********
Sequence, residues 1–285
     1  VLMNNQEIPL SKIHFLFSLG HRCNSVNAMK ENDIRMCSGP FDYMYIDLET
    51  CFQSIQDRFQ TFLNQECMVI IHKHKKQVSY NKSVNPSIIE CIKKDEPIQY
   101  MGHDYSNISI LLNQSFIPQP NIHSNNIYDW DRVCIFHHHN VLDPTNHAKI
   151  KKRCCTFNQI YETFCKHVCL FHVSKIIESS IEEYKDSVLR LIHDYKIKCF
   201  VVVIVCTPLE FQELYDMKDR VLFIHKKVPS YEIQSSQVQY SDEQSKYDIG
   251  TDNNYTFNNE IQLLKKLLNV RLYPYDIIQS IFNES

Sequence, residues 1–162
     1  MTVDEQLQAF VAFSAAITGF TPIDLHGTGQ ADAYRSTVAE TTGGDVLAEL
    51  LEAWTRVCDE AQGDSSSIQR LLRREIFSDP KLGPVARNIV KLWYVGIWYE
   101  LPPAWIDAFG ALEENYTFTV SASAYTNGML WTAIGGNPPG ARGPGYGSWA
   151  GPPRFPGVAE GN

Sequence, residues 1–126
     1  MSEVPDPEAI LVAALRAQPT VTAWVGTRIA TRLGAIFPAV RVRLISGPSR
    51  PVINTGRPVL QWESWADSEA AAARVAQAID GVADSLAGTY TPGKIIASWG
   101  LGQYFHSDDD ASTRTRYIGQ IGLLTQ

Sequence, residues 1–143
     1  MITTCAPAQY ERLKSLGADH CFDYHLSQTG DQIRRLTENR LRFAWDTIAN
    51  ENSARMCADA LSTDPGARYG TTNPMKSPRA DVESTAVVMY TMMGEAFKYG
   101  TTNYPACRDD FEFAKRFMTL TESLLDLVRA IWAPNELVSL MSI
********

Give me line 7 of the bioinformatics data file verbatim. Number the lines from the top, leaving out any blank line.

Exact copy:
   251  TDNNYTFNNE IQLLKKLLNV RLYPYDIIQS IFNES